"My parents wanted me to take over the business. I told them, 'give me a week to think about it.' And my mother said I had no loyalty. That changed my mind," she said.

Ever since then, Cho has continued the legacy started by her mother and further fostered a sense of community. She now works with her husband, son, daughter and son-in-law to continue promoting Ethiopian coffee that started 55 years ago here.

As coffee drinkers in Korea become increasingly choosy and health-conscious, Cho takes great pride in delivering the best coffee. "Quality-wise, we always keep our standards to the highest level possible
and maintain them. When you drink good coffee, your skin glows," she said.

Cho criticized large coffee chains for their excessive or uneven roasting of the beans. "If you drink burnt coffee, you may suffer from acid reflux and abdominal pain. Considering how much Koreans love coffee, they should look for healthy coffee," she said.

According to a survey conducted by the Korea National Council of Consumer Organizations, seven out of 10 Korean adults drink at least one cup of coffee a day. Koreans' average coffee consumption is 367 cups a year, the second highest in the world (following France, 551 cups) and more than twice the global average (161 cups).

Cho, who is the honorary ambassador for Ethiopia, expressed her wish to build a statue of Emperor Selassie near Ethiopian Bet. This year marks the 60th anniversary of diplomatic ties between Korea and Ethiopia.

"I plan to request the Chuncheon mayor to build the statue of Emperor Haile Selassie to strengthen bilateral ties. It can become a landmark and draw more visitors to the city," she said.

In 2007, the Memorial Hall for Ethiopian Veterans was established near the coffeehouse, making the area a "Little Ethiopia" neighborhood. In 2011, following persuasion from Cho and her husband, David Cha, the local government renamed the road near Ethiopia Bet as "Ethiopia Road."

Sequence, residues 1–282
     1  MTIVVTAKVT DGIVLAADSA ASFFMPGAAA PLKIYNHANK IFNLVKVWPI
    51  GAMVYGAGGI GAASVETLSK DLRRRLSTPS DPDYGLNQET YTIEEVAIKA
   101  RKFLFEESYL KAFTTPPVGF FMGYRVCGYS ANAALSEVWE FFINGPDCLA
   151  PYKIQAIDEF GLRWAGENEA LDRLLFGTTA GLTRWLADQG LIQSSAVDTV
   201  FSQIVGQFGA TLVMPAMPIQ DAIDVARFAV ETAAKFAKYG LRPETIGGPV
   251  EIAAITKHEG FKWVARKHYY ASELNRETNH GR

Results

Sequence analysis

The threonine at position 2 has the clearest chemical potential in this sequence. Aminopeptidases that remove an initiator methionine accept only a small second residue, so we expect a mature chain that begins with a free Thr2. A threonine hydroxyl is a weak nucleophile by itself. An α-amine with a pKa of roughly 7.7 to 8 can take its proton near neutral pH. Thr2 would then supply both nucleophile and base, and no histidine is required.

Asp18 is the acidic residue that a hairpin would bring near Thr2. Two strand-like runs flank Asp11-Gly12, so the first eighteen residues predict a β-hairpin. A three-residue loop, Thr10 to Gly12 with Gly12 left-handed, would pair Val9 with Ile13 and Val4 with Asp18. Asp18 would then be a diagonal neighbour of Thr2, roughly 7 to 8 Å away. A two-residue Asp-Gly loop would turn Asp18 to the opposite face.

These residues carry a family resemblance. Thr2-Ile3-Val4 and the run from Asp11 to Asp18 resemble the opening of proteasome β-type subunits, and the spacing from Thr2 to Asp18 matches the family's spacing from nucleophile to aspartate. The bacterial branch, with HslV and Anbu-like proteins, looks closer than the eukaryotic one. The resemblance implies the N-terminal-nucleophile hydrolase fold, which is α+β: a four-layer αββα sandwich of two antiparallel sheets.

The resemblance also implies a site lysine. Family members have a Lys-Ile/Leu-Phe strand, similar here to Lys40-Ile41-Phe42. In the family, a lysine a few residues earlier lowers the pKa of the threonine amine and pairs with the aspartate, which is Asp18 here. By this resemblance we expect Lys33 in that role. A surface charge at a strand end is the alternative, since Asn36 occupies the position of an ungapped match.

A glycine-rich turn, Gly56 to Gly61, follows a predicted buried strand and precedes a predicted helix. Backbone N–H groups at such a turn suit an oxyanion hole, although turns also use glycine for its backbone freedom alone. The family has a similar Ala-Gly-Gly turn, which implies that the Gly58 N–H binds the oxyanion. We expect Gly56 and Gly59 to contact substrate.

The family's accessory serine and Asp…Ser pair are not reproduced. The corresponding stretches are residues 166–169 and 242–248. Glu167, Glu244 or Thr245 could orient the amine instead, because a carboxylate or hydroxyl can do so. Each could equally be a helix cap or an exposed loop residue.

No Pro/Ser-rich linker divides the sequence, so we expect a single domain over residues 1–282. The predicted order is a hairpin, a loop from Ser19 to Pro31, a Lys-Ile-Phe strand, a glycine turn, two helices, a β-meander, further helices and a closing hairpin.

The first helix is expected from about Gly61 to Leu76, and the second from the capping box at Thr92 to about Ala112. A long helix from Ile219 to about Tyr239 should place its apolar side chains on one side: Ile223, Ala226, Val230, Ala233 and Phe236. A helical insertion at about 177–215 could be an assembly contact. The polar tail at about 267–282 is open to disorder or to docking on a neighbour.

Each year Cho organizes the Meskel Festival attended by hundreds of Ethiopian nationals and visitors. For Ethiopian diplomats and travelers, Ethiopia Bet is a must-visit place.

"Whenever a new Ethiopian ambassador to Korea arrives, they visit the Memorial Hall for Ethiopian Veterans and Ethiopia Bet, even before visiting the presidential office," she said. "All of the former Korean
presidents have visited our coffeehouse. Former President Park Geun-hye shed tears when she saw a picture of her father, former President Park Jung-hee, on the wall."

After the interview, Cha showed the traditional "buna" coffee ceremony. Several Ethiopian travelers were present to watch the ceremony and share a cup of coffee.

"Buna is a cultural celebration. It's an important part of our tradition," said Eshetu Belete, who visited Ethiopia Bet for the first time. "Ethiopians love coffee. I drink at least three cups of coffee a day ― every morning, afternoon and evening."

Before the ceremony, coffee cups are arranged on a table along with snacks such as popcorn. Sweet incense is burnt as a way to energetically purify the space.

The process begins with roasting the beans in an iron pan. The roasted beans are taken to the guests so that they can smell the aromas. The coffee beans are then pounded into a fine powder using a mortar and pestle. The ground coffee is put in a jebena, a traditional clay pot made specifically for preparing coffee.

Once the coffee is added to the simmering water, it is left to steep in the pot. When the coffee foam discharges from the top hole of the jebena, it is left to sit for about three minutes to allow the coffee powder to settle at the bottom of the pot. Then it is poured into cups and can be enjoyed with various additional ingredients such as sugar, salt, and butter.

Barista Cho Soo-kyung poses with coffee beans at her coffeehouse, Ethiopia Bet,
in Chuncheon, Gangwon Province, Tuesday. Korea Times photo by Choi Won-suk